Buying a Home With FHA Financing? Better Hurry...

For starters, I want it to be known that I think FHA loans are great. They allow buyers without the ability to put down the conventional 20% required for a home purchase to only put down 3.5% (and in some cases, 3%). I personally have an FHA loan, and if the program didn't exist, I most likely wouldn't own my house. But there is a trade off for being able to put so little down, and that is PMI (Private Mortgage Insurance) so that the lender is covered if you default on your loan. PMI is currently 1.25%. However, that is changing come April 1, 2013. Just as the FHA guidelines were changed last year on this date, the Department of Housing and Urban Development will make some slight tweaks this year. The monthly PMI is going from 1.25% to 1.35%. This will be an additional $21 a month on an FHA loan used to purchase a $250k home. The other change that is coming is that the PMI no longer goes away once the outstanding balance of the loan is down to 78% of the value of the property (22% equity in the property). Up until a year ago, the PMI went away as soon as the owner had 22% in the property. On April 1, 2012, that changed to requiring PMI on the loan for five years regardless of the amassed equity (if one were to keep the FHA loan in place as opposed to refinancing).

I see this as an act to spur refinancing down the road. Interest rates can't stay as low as they have been over the last 18 months. If interest rates were to go up 2%, no one would want to get out of their 30-year, fixed-rate, assumable (a future buyer can assume a seller's FHA loan, with their interest rate and payments if they qualify) FHA loans... unless the PMI were to never go away. By sticking the loans with PMI for their entire term, HUD is creating business in the future for lenders.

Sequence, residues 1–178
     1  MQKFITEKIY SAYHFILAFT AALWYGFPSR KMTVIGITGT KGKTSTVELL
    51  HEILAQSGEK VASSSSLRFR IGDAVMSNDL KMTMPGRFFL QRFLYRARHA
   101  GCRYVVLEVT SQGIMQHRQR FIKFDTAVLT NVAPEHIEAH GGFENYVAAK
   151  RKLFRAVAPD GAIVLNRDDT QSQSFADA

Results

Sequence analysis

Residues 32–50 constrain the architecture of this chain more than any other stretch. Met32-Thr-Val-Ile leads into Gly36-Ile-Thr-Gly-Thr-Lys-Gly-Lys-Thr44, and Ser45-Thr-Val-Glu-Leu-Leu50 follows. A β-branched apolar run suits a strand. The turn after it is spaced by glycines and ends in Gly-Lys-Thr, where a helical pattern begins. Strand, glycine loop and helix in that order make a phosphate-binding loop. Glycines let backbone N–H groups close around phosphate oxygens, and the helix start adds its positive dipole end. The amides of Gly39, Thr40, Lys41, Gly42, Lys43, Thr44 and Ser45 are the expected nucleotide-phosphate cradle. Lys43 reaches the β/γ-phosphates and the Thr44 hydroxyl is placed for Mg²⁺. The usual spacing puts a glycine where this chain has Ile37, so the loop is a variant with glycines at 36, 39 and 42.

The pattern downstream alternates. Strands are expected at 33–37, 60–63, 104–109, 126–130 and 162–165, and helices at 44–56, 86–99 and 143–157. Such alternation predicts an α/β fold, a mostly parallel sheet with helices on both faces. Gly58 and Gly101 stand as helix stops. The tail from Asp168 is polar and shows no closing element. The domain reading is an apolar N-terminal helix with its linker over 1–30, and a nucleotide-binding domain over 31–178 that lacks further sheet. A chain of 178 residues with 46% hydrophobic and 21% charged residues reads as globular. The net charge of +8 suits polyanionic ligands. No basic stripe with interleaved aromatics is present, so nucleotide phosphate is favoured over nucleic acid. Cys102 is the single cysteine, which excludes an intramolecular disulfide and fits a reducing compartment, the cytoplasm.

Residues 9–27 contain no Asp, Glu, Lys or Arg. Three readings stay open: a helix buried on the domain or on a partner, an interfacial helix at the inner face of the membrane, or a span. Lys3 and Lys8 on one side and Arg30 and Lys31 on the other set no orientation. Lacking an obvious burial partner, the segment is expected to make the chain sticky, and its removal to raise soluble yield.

So, if you are thinking about buying a home and want to use FHA financing, you need to be under contract on a property prior to April 1, 2013 in order to follow the current guidelines. Big thanks to a great lender of mine, Chris Hauber, for breaking this to me two weeks ago.

Invest Now

Did you know that Denver is currently the #2 rental market in the country? With demand higher than it has ever been in the Mile High City for rental properties, vacancy rates are at all time lows (my dad's company, Simpson Housing Group, currently has occupancy levels around 95% for their Denver properties). Factor in some of the great deals you can find on short sales and bank-owned properties and this is the perfect time to buy an investment property (property you own and lease out, acting as the landlord or having a property management company help out). Rates are also at history lows (as everyone knows from all of the ads constantly playing) which means you can get a property below market value, with a super low interest rate, in a market that you can almost instantly lease it out. If any of this sounds intriguing to you, contact me, follow me, or comment and let's get you in an ownership position that is comfortable to you. Happy hunting.

Homestead Farm: Surprisingly Not a Farm

So I have decided that I am going to start doing some blogging on some great neighborhoods in my area, and the first is going to be of the neighborhood I was raised in and currently reside, Homestead Farm. I'm going to be discussing aspects of each neighborhood on a weekly basis, with the whole process per neighborhood taking about three weeks. Whether or not you live in the area, I hope this will provide some inside knowledge on the South Metro Denver area, so check back in weekly.